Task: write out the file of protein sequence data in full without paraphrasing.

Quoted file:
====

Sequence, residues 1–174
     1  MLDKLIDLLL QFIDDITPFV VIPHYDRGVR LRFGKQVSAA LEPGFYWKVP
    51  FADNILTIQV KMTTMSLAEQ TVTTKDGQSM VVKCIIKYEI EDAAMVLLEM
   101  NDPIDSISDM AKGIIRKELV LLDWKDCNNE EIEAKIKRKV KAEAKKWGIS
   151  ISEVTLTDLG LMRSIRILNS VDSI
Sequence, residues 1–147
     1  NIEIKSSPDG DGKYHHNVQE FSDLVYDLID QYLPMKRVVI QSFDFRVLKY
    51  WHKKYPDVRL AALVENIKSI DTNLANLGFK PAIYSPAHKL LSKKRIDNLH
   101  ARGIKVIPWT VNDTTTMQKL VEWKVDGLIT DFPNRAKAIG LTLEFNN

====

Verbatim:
Sequence, residues 1–174
     1  MLDKLIDLLL QFIDDITPFV VIPHYDRGVR LRFGKQVSAA LEPGFYWKVP
    51  FADNILTIQV KMTTMSLAEQ TVTTKDGQSM VVKCIIKYEI EDAAMVLLEM
   101  NDPIDSISDM AKGIIRKELV LLDWKDCNNE EIEAKIKRKV KAEAKKWGIS
   151  ISEVTLTDLG LMRSIRILNS VDSI
Sequence, residues 1–147
     1  NIEIKSSPDG DGKYHHNVQE FSDLVYDLID QYLPMKRVVI QSFDFRVLKY
    51  WHKKYPDVRL AALVENIKSI DTNLANLGFK PAIYSPAHKL LSKKRIDNLH
   101  ARGIKVIPWT VNDTTTMQKL VEWKVDGLIT DFPNRAKAIG LTLEFNN